application forms.

If a field should be no more than 16 characters long, if it should reflect a
unique value in a table, or it must look like an email address, Yii provides a
rich set of validators to help enforce form validation.

The Definitive Guide provides <a
href="http://www.yiiframework.com/doc/guide/1.1/en/form.model#declaring-validation-rules">the
authoritative reference</a>, but user <a
href="http://www.yiiframework.com/user/390/">krillzip</a> has
provided an excellent <a
href="http://www.yiiframework.com/wiki/56/reference-model-rules-validation">quick
reference guide</a> to the available validators.

It's also possible to create your own validators, either as class functions
or standalone extensions, but these are beyond the scope of this article.

Massive Assignment
------------------
Once your model's validators have approved all the fields, it's time
to make use of the data produced by the form, in bulk. This happens during form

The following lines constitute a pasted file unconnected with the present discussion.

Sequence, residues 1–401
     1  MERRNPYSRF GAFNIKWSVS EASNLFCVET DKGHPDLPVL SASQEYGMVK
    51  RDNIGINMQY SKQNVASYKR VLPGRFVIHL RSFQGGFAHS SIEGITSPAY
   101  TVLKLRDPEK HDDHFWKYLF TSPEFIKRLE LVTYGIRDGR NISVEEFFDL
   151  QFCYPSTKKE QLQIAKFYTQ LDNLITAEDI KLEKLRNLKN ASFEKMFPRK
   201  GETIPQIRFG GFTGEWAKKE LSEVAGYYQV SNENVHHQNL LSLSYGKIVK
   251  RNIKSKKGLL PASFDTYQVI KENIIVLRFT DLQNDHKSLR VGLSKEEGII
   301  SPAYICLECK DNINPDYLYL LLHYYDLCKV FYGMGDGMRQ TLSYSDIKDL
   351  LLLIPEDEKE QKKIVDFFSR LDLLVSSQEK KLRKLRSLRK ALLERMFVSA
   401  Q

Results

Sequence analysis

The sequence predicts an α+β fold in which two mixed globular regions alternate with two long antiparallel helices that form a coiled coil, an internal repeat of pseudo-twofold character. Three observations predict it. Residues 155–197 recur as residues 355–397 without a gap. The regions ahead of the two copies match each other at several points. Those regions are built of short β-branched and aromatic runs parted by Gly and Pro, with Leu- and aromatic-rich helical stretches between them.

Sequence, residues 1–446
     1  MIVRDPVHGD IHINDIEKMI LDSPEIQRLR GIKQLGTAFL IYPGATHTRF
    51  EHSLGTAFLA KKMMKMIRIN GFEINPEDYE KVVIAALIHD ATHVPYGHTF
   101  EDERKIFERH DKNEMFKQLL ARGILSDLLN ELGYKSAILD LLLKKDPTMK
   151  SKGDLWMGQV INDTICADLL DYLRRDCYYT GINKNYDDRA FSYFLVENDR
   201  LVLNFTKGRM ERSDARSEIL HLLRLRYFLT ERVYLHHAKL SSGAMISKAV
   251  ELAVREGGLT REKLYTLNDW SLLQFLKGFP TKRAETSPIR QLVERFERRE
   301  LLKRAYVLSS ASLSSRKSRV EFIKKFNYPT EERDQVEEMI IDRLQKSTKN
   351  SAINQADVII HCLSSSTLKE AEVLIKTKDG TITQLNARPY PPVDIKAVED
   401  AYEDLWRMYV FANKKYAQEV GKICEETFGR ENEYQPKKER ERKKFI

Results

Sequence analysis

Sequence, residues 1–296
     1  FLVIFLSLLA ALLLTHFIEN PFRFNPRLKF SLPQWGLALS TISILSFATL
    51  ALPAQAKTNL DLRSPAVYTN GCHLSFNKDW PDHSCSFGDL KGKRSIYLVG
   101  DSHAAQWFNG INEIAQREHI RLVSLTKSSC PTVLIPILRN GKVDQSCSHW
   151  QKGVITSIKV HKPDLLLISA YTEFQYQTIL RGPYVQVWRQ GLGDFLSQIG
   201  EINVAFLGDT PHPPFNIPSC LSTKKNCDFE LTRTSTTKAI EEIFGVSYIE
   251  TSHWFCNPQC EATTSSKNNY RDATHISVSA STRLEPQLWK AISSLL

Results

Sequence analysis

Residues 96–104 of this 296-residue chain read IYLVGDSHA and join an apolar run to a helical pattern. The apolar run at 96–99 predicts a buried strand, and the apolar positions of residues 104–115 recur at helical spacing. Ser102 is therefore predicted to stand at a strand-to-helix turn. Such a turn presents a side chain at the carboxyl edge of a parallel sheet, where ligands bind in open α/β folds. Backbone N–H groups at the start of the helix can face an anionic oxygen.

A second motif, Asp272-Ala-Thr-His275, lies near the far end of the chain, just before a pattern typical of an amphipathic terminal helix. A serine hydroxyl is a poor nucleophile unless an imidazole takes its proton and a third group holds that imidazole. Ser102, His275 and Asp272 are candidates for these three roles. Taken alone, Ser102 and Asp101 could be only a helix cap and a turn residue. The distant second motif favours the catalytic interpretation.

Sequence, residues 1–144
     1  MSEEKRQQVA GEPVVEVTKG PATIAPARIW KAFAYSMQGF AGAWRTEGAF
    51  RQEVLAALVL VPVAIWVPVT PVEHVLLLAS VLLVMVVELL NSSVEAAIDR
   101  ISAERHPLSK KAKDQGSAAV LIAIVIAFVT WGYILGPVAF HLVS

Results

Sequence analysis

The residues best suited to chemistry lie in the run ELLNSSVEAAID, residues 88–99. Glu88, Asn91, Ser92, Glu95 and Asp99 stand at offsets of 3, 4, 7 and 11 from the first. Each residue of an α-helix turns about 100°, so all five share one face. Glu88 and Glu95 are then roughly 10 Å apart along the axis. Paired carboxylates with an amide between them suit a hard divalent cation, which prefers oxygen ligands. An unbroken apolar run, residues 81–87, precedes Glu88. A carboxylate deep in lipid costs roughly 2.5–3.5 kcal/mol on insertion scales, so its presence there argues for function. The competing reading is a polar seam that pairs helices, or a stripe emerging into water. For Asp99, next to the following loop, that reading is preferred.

submission by calling the controller's action.

Here we'll look at the `post/update` code:
~~~
[php]
// protected/controllers/CommentController.php

    public function actionUpdate()
    {
        $model = $this->loadModel();

        if (isset($_POST['Comment']))
        {
            $model->attributes = $_POST['Comment'];  // Massive
Assignment
            ....
~~~
The key is `$model->attributes = $_POST['Comment'];`, which is
deceptively simple. 

In reality this is calling
~~~
[php]
            $model->setAttributes( $_POST['Comment'] ); // this is
an array!
~~~
Since `$_Post['Comment']` is actually an **array** representing all
the fields in the submitted form, Yii is running through them all and assigning
the fields to the form one by one. Every field is assigned to the corresponding
attribute in the model (after validation, of course), and this produces the
final `$model` variable that can be saved or updated or whatever.